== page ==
Generational renewal and environmental ambitions will be among the key issues for consideration when it comes to securing adequate Common Agriculture Policy (CAP) funding, according to the Minister for Agriculture, Food and the Marine, Michael Creed.
The minister was hosting a CAP event with Andrew Doyle, Minister of State and MEP candidate, today, Monday, May 20, in Portlaoise. The event was chaired by the justice minister, Laois-based Charlie Flanagan.
“The biggest issue that confronts us is securing an adequate budget for CAP; the Government is prepared to contribute more to the European budget on the basis that projects that are important to us – not least CAP – see that increased contribution reflected in the budget for agriculture,” he said.
“We get most of our receipts through the CAP but we are in fact, per capita, one of the highest net contributors to the European project – so we are prepared to contribute more.”
Meanwhile, the minister pointed to the “challenge” that was ahead for all member states in respect of the CAP budget.
It is challenging because a number of member states’ critiques of the proposals – that are already public – are on the basis that they don’t go far enough.
Minister Creed continued: “The budget – which is a function for the ministries of finance and heads of state – has to be agreed unanimously by member states. That’s a difficult challenge and one that will come to the fore later this year.”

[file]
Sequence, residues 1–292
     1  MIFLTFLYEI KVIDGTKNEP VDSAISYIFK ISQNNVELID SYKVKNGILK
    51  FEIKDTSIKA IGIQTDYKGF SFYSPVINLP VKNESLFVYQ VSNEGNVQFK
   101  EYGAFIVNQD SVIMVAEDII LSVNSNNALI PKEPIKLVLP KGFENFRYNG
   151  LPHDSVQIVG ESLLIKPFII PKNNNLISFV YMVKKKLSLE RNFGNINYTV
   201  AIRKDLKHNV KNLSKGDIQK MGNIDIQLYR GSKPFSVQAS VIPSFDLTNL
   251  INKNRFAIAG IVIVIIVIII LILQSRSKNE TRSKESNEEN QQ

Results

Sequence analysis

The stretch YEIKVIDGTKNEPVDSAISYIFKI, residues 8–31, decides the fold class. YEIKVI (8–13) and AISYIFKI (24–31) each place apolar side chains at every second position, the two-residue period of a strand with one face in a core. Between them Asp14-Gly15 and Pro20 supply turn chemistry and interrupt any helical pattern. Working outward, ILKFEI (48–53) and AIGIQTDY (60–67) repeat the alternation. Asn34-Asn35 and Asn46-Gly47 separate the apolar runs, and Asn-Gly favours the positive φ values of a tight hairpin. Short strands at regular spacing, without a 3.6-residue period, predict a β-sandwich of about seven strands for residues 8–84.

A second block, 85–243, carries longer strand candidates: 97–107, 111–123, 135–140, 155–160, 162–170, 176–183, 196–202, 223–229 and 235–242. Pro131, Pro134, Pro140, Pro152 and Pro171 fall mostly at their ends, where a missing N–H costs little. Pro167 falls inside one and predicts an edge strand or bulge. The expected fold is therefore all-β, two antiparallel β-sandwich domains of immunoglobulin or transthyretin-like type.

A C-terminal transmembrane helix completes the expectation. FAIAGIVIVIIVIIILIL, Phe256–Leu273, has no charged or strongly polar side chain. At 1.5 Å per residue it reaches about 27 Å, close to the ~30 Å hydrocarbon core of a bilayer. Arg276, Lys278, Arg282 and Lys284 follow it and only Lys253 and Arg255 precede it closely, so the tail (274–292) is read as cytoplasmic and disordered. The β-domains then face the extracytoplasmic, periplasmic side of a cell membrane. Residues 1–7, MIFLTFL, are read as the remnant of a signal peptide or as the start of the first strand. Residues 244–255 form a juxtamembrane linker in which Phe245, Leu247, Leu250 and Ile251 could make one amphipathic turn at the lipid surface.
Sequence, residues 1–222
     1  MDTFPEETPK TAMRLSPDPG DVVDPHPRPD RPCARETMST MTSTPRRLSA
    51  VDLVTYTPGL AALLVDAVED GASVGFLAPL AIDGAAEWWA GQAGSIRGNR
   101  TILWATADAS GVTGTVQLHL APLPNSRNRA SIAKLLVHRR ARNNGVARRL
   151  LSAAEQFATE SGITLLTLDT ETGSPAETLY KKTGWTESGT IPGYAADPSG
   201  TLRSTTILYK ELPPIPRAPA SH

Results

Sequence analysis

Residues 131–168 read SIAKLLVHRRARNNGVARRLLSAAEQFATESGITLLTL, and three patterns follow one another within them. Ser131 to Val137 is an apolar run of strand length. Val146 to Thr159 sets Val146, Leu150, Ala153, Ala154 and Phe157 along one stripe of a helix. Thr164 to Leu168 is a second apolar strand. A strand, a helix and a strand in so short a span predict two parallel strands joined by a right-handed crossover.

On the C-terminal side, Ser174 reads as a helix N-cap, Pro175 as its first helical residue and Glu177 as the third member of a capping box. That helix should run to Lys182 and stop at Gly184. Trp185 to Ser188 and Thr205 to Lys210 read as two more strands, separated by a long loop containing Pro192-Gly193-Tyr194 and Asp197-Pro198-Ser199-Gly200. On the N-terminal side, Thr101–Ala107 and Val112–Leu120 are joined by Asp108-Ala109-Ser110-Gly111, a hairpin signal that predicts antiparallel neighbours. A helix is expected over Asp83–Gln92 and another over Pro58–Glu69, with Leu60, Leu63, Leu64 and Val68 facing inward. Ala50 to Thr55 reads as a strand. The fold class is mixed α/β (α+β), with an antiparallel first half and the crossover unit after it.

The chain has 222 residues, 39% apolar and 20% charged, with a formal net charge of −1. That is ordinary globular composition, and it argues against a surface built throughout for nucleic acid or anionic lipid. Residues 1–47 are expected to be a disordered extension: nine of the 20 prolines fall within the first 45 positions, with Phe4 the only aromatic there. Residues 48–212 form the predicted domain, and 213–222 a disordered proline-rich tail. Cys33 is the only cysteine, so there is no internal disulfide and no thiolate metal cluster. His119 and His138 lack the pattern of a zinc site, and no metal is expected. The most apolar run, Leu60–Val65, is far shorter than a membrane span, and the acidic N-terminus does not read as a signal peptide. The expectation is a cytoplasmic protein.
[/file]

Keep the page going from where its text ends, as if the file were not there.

On climate change, the agenda in relation to that will be among the central issues, the two ministers acknowledged at this morning’s event.
“That’s undoubtedly a direction of travel that reflects the broader societal concerns and I think consumers across Europe have repeatedly said they are prepared to contribute more, also to the CAP, on the basis that it has greater environmental ambition. That’s something that we understand also from the market place,” Minister Creed continued.
Increasingly, consumers are asking those questions about our environmental credentials, so that’s a critical issue in terms of the budget.
He also pointed out that the content is going to be consequent on securing an adequate budget.
“It’s going to be about the environmental ambitions.”
New entrant incentives
Minister Doyle also spoke at today’s proceedings in Co. Laois.
He said that the next CAP would focus on areas like generational renewal, which Doyle added “is really important”.
“The age profile in the agricultural sector – and this is a global phenomenon – is quite high and we need to make sure that we have the appropriate incentives to attract new entrants into farming,” he continued.
Maintaining the CAP is absolutely critical. We’re going to have quite a bit of work to do, but on the basis that we secure it, how it’s distributed to active and progressive farmers is going to be really important.
“We want to get young people in; we want to get new entrants in if we want to reward people who are actually contributing through the environmental conditionality – this is going to probably be 40% of the CAP or through the productivity without linking and decoupling.”
Minister Doyle went on to point out that attitudes would have to change if convergence of payments was introduced.
“We certainly have to not adopt the attitude that some have – that is for a straightforward flat convergence of payments simply for the sake of doing it. I’d be very wary of that,” he continued.
“It needs to be progressive and needs to be well considered before any moves are made in that direction.”
Before concluding proceedings, Minister Creed added: “Between Pillar Ι and Pillar ΙΙ the cuts now amount to over €90 million as published. Our endeavour is to make sure that we try and maintain the CAP budget at its current levels.”